Neutral / cushion / high arch
Shoes for runners who do not need any additional arch support (Around 50% of runners). Best for people with normal, high or medium high arches. See the best neutral shoes.
Stability / overpronation / normal arch
Shoes for runners who need mild to moderate arch support (Around 45% of runners). Best for runners with a low arch. See the best stability shoes.
Motion control / severe overpronation / flat feet
Shoes for runners who needs a lot of arch support. Best for runners with flat feet. See the best motion control shoes.
Good to know
Cushioned shoes for your daily easy running. Great comfort. See best shoes for daily running.
Lightweight shoes good for races, interval training, tempo runs and fartlek. Here are the best competition running shoes.
Good to know
If you want just one pair of shoes, buy a shoe for daily running.
WeightMen: 10.2ozWomen: 8.5oz
Heel to toe dropMen: 7mmWomen: 7mm
The height difference from the heel to the forefoot, also known as heel drop, toe spring, heel to toe spring or simply drop.
There are many opinions about what a good heel drop is. We do not recommend any in particular. Lean more in this video.
WidthMen: StandardWomen: Standard
Release dateFeb 2019
Experts are runners, who post reviews at youtube, directly at RunRepeat or at their own websites. Each expert is categorized from level 1 to level 5 based on expertise. See stats on expert reviews and how we calculate scores here.
Are you an expert? Apply to contribute here.
84 / 100 based on 14 expert reviews
On Cloudswift - Definitely surprising, but in a good or a bad way?
I’ve never ran in a shoe by On Running before. I had never even tried on a pair of their shoes before. But I did see a lot of runners, and hikers, in their shoes and I got curious (like always).
I wasn’t sure which On Running model would be the best fit for me, but when they launched the new On Cloudswift and said that it had a new kind of Superfoam and offered road protection, I had to try it.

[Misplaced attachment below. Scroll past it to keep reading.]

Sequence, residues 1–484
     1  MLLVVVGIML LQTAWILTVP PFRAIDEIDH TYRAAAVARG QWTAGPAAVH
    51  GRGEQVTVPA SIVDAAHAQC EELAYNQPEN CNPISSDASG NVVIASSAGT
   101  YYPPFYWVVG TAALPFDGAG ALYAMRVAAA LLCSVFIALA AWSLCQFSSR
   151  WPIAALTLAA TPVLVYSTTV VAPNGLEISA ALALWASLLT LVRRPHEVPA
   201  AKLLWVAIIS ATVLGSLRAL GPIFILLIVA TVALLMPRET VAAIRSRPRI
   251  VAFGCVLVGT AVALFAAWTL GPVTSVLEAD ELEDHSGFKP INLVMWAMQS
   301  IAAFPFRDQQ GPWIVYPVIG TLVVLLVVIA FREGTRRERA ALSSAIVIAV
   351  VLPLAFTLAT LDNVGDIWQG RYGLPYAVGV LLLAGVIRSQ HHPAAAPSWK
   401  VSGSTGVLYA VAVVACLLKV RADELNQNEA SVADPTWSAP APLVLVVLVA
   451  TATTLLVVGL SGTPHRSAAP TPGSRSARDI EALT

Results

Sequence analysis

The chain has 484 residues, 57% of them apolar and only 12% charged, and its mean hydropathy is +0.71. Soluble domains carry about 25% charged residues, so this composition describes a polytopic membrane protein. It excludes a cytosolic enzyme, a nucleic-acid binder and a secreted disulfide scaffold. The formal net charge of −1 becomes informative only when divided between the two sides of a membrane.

The On Cloudswift is a neutral everyday running shoe, with a 7 mm drop. It is quite a light shoe and comes in around 240 grams.
On doesn’t provide any information on the stack height and it’s always a bit difficult to measure, because where exactly do you measure and what is included in the sole and what are just additions that do not influence the stack height? But I’m estimating that it has a forefoot stack height of 22 mm and a heel height of 29 mm.
My first thought when I opened the box was: “I now understand why On Running shoes are so expensive.” Everything about it looks fancy.
Even your receipt comes in a fancy envelope, instead of them just chucking it in the box. And I also got a free bag with my order. The shoes look well thought through, and even the insole looks fancy with it’s two different materials.
And as if that isn’t enough, they’ve printed “Put me ON” on the end of the laces.
Although I’m not entirely sure why I was that surprised about the quality, it’s Swiss engineering after all, which they’ve printed on the heel counter together with a Swiss flag, just to remind you. But the surprises didn’t end there.
The upper of this shoe is made up out of one piece of engineered mesh.
I’m not a huge fan of one-piece uppers. Although they are often quite comfortable, they are harder to adjust to the shape of your foot due to being one single piece. That means there mostly isn’t a way to really adjust the laces and change the fit.
The laces are also really thin and do come undone easily while running.
But it won’t be easy to swap the laces, because of the loops at the front which aren’t that wide. There also isn’t an extra eyelet to put the laces through.
To give the shoe a bit more stability, it has two bands running over the midfoot made from stretchy thermoplastic polyurethane. Sometimes overlays just create hotspots, but since these are stretchy, they are actually quite comfortable.
There is an internal heel counter as well as an external band running along the top of the heel cup.
On Running is known for its innovative midsoles. Like all the shoes made by On, the Cloudswift has the Cloudtec midsole with the cloud pods. What is different about the Cloudswift compared to the other On running shoes is that it has Helion super foam to provide more cushioning.